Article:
Stocks rallied at the end of a dismal September. While growth in September deteriorated a bit thanks to the persistence of the Delta variant of Covid-19, stocks fell due to a combination of issues, a slowdown in growth being just one. Interest rates rose, the Fed hinted at tapering bond purchases before year end, and the political environment was one in turmoil. It remains in turmoil.
“Don’t worry, be happy” – Bobby McFerrin
“What, me worry?” – Alfred E. Neuman
Despite problems with transitions, despite higher interest rates for a few weeks, and despite political turmoil, the economy is strong and likely to strengthen further. The Delta variant is history. How do I know? The lead story on the evening news is no longer overcrowded emergency rooms! Seriously, the impact of the variant is not only decreasing, it is decreasing rapidly, in line with the exact pattern from other spikes. More people are getting vaccinated, booters are arriving, and the herd impact of herd immunity is increasing. Now Merck is on the verge of bringing a drug to market that can lessen the severity of the disease materially. I hope everyone understands this. Fast forward to next spring or summer when the Merck pill (a pill, not a shot) is readily available. If you feel sick, you see the doc, get the pill and the worst that happens is a few lousy days a la the flu. That changes the whole dynamic of the disease. The pandemic ends: the endemic begins. That means Covid-19 doesn’t disappear. AIDS never disappeared. Covid 19 becomes a disease that we can deal with without changing our lifestyles.
Economically, in one word, that means normality. It means parents don’t have to worry that their kids will require virtual learning and they will have to stay home. It means I can go to theatre and know I am not going to face death in a week. It means all the shut downs that are causing supply chain gridlock start to fade. It means supply chain issues are weeks or months from ending. But they will end.
“What, me worry”?
OK, there are still concerns. The Democrats can’t get enough votes to pass close to $5 billion in added spending. They can yell it doesn’t cost anyone anything, but that’s a pile of political garbage. Even if they mean the rich and corporations are going to pay for their entire wish list, that doesn’t fly. How does $2 trillion in taxes and $5 trillion in spending come to mean no cost? So far at least, a few Democrats understand the difference. While the progressives can crow that they delayed a vote on the infrastructure bill (which wasn’t fully paid for), they are no steps closer than they were a few weeks ago to passing anything.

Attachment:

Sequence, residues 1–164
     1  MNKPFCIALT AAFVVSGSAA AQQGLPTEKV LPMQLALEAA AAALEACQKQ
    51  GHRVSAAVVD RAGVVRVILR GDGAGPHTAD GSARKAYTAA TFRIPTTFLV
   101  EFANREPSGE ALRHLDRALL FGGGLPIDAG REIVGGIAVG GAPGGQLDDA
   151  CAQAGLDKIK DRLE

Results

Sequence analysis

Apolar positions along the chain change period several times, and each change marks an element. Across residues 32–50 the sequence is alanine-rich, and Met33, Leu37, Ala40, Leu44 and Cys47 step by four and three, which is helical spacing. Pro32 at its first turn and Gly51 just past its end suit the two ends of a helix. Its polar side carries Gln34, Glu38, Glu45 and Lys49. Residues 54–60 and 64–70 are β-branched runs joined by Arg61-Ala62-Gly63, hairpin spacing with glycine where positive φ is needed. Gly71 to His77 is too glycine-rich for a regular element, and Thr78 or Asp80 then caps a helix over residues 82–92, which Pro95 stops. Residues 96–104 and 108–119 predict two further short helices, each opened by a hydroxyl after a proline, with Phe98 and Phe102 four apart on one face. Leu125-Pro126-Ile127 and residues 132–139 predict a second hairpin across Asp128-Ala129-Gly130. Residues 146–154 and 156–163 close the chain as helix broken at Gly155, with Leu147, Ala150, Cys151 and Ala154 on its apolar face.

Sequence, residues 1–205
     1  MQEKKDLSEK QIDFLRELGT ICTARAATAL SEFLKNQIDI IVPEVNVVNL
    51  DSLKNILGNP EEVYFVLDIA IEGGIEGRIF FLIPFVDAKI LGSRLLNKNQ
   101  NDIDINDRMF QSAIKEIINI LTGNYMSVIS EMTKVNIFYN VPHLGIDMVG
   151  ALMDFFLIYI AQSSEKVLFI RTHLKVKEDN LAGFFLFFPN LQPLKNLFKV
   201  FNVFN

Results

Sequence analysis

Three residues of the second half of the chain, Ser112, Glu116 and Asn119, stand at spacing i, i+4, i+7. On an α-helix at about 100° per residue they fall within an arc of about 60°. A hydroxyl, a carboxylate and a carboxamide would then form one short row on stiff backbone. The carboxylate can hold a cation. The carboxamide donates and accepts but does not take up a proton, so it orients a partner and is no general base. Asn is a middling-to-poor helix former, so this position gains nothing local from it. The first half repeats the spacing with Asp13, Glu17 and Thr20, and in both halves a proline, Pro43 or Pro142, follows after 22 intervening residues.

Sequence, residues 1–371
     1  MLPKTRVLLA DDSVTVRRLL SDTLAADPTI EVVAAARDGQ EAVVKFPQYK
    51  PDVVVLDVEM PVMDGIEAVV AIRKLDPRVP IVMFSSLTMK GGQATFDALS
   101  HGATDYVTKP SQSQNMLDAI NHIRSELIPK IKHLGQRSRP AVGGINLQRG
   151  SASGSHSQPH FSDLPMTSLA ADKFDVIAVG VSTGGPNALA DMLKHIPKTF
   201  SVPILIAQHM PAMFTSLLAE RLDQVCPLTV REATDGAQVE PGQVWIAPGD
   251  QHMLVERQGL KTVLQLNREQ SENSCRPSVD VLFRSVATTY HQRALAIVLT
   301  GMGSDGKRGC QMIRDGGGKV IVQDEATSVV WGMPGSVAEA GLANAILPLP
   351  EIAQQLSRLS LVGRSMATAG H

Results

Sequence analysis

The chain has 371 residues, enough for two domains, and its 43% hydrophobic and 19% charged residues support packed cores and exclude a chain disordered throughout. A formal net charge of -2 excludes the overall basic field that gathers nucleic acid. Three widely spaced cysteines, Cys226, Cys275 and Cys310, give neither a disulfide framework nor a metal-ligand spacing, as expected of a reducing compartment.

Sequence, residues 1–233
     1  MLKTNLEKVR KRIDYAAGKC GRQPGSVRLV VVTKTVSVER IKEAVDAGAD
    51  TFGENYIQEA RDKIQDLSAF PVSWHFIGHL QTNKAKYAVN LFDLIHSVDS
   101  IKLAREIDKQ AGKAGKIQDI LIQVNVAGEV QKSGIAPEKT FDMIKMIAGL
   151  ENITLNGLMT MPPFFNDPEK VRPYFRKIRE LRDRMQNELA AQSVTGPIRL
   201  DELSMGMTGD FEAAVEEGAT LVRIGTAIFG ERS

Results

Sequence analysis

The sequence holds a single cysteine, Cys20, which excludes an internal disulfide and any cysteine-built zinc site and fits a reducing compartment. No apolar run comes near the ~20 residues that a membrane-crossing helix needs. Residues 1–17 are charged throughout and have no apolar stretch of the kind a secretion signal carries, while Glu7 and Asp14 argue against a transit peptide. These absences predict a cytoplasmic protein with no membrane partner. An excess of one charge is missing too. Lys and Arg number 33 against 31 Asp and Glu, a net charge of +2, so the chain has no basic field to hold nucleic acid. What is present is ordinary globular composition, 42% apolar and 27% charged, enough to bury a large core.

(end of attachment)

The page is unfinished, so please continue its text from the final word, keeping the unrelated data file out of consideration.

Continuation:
The reality is that the $3.5 trillion (supposed!) reconciliation bill must be cut. It must be cut a lot if it has any chance of passage. The progressives can label Senators Manchin and Sinema whatever they choose, but they aren’t going to get anything near $3.5 trillion across the finish line. Playing political games like shortening the length of programs, won’t fool anyone currently opposed to the bill. The reality is that while parts of the program are popular, the program in its entirety is not. The American public realizes that supersizing the government is going to be a huge long-term cost borne by all at some time, in some context.
Will the Democrats work to tighten the bills? If they want them to pass, they will. The infrastructure bill was cut in half before it gained bipartisan support in the Senate. Can they get Republican support for parts of the reconciliation bill? Unlikely, if Republicans are never asked to participate in its creation. The Democrats took the solo path from the beginning. Are they being held hostage by Sinema, Manchin, and others? I don’t think so. The better response is that Democrats need to find a common center, one that all 50 Senators and all 435 members of the House can agree on. So far, the moderates haven’t given in, and the progressives still want everything. If they can’t find middle ground, nothing will happen. Wall Street would love that!
Back to the economy. It is solid and growing at above average rates. Yes, maybe Covid and supply chain issues have slowed it a bit, but as the Delta variant passes and supply chain issues get resolved, growth will get back on track at levels not seen since before the Great Recession.
Which leaves just one last issue, inflation. The Fed is right that many of the forces pushing inflation higher today will ebb as supply and demand rebalance. What about shelter and labor costs? There is a shortage of available housing that isn’t going away any time soon. That means higher home prices and higher rents. There are workers that will reenter the work force once Covid disappears but there are also a lot of retirees that will stay retired. Higher home values and stock prices ensure that. It is hard to believe that wage inflation is going to disappear.
Thus, we are headed for a reacceleration of growth, maybe a slight moderation of inflation, but the likelihood is that key inflation components (rent and wages) will stay above average for a longer period. That suggests a good market for equities but not a great one. We just finished a third quarter with a great July, a flat August, and a funky September. Transitions create volatility without a lot of direction. In Q4, growth prospects will rise. The key is inflation. 10-year Treasury yields spiked over 25 basis points in just a few weeks. Too far, too fast. Look for some consolidation. Look for higher rates overall in the coming months. Higher earnings and higher rates will keep volatility high, but those aren’t the ingredients for a huge correction or a huge burst higher. Expect the volatile sideways movement of Q3 to continue into next year. Seasonally, however, expect Q4 to recover some from September fears as the Delta variant fades.
Today, Alicia Silverstone turns 45.
James M. Meyer, CFA 610-260-2220